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Survey: U.S. Customers’ Ideal Streaming Price Below Netflix, HBOMax

Matt Tamanini

If the recent price hikes from Netflix, Prime Video, Disney+, and other streaming services feel excessive to you, then you aren’t alone. According to new information released by data firm Morning Consult, despite these increases, consumers’ view of what they are willing to pay for streaming has not changed in recent years.

The ideal price for a streaming service, according to U.S consumers, stands pat at $12 per month for unlimited, ad-free content; the type of service offered by Netflix. The survey, which took place in late January 2022, remains unchanged since the question was asked in 2019.

When it comes to ad-supported platforms, customers would prefer a price point around $10.

While the average acceptable price for U.S. consumers held steady, there was some movement in terms of the ranges which they were willing to pay. Since 2019, the low-end of the range for ad-free platforms increased from $10 to $11, while the high-side remained at $16.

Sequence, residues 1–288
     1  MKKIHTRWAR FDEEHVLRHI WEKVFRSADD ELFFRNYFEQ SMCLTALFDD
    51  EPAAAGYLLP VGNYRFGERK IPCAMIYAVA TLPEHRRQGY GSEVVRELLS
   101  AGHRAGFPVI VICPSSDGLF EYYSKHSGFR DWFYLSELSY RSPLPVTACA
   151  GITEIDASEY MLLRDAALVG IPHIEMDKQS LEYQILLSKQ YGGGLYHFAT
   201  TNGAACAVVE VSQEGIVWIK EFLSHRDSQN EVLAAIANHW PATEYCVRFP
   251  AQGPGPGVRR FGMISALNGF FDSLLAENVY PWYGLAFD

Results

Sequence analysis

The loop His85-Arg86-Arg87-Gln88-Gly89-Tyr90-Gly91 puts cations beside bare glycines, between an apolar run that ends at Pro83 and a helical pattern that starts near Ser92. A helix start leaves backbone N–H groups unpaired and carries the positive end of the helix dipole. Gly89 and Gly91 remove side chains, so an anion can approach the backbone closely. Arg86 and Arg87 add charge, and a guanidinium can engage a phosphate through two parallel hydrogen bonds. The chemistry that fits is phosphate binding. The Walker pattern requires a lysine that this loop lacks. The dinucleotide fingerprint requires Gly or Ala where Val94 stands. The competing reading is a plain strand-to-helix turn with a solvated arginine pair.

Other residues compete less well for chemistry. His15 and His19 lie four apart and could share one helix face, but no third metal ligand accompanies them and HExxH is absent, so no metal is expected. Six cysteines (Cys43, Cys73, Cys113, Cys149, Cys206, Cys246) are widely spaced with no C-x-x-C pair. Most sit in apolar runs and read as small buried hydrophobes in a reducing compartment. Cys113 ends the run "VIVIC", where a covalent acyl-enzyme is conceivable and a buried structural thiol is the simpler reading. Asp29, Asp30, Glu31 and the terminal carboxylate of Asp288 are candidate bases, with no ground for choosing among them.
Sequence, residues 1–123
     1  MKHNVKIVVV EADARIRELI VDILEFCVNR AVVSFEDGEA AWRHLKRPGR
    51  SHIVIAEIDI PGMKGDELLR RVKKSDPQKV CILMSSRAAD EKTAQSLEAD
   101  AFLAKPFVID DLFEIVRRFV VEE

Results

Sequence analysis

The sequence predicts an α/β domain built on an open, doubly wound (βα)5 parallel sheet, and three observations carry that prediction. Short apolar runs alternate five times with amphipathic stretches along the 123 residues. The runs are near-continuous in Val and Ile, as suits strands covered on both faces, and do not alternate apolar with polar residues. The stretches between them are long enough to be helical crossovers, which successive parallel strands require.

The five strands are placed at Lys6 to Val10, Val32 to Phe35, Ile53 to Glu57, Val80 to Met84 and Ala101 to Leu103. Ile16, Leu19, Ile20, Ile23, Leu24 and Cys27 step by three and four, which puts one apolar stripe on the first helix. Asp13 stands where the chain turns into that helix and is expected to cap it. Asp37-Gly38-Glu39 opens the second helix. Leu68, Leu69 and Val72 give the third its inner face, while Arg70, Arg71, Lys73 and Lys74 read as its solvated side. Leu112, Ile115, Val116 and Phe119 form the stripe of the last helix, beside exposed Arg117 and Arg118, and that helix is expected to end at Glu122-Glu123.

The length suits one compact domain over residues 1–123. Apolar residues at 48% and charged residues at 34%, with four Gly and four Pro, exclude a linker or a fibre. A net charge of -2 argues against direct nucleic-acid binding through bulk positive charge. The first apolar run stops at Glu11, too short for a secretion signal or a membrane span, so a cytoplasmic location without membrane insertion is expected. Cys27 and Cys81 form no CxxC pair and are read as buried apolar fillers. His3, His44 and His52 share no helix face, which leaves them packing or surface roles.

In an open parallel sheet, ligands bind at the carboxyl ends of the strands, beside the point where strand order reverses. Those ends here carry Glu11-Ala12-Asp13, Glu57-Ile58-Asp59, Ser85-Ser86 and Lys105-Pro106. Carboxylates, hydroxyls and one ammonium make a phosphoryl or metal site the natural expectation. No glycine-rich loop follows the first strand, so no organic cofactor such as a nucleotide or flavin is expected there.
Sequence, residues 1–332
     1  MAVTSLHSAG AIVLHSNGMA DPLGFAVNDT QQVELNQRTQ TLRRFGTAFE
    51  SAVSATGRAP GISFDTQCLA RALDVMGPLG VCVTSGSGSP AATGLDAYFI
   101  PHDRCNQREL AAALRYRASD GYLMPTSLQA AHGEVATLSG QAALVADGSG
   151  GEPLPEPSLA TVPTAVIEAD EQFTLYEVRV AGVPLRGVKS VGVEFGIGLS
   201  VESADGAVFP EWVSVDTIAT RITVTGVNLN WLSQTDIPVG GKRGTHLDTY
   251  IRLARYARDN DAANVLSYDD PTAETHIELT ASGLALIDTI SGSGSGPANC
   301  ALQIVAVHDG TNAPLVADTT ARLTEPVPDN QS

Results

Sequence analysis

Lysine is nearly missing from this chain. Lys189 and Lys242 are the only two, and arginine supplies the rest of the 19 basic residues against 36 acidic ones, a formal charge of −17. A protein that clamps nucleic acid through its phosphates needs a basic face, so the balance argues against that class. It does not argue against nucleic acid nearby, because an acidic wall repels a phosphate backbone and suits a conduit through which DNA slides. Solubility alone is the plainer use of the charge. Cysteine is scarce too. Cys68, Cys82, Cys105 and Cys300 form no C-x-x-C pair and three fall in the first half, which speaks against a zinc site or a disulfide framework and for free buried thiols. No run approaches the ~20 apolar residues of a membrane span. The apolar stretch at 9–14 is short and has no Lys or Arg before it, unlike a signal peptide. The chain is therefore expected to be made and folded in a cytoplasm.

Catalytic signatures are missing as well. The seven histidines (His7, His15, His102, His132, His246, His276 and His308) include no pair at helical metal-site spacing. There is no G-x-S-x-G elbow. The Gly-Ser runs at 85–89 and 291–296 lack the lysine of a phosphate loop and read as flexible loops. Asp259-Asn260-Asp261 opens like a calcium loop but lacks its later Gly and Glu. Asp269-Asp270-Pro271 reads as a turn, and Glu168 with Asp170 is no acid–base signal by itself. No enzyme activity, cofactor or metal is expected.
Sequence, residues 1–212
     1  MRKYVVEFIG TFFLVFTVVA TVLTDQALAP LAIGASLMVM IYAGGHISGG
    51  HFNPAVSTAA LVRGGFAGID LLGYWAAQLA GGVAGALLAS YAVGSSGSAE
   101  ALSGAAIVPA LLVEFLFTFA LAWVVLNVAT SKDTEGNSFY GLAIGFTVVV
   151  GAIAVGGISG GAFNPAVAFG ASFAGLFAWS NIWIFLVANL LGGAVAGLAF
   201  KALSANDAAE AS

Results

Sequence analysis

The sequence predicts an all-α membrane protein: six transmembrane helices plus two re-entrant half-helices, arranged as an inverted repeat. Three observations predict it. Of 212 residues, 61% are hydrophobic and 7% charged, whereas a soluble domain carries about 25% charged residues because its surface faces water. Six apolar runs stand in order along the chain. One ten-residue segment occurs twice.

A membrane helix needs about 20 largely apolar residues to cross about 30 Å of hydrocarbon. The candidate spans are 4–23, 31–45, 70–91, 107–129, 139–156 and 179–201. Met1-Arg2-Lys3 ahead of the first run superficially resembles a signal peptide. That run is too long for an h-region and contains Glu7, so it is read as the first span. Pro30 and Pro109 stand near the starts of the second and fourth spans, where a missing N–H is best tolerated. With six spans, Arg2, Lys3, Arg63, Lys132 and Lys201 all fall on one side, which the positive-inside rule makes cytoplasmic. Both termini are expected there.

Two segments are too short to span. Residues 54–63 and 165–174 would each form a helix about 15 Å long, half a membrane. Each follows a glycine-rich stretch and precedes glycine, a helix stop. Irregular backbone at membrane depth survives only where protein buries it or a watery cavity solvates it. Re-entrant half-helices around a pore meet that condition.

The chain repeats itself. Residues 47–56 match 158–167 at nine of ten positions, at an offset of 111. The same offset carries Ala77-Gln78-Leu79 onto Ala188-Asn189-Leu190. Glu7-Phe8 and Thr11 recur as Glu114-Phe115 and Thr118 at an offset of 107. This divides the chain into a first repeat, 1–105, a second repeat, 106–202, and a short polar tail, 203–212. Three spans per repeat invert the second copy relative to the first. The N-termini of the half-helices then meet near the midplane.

With Netflix announcing that it would be raising its monthly rates from $14 to $15.50, the streamer will now be pushing the upper limits of what customers say that they are willing to pay. It is yet to be seen if this price adjustment will lead to increased customer churn, although it certainly seems to have spooked investors.

The bottom of the acceptable price range for ad-supported services remained the same at $8 per month, but the upper end jumped $2 from $12 to $14.

One of the concerns that worried investors following Netflix’s earnings call last month was that subscriber growth might have hit a saturation point with 75 million consumers already subscribed in the United States and Canada alone, and 221.8 million subscribed worldwide. If the streamer continues to push the boundaries of what consumers are willing to spend on a service, they could end up seeing a regression in terms of subscriber numbers.

Conversely, both Disney+ ($8/month) and Apple TV+ ($4.99/month) are still well below even the lower-end of customers’ acceptable price ranges, indicating that as the fairly new services continue to acquire subscribers, they will have room to increase their prices without having to worry about defections nearly as much as Netflix currently does.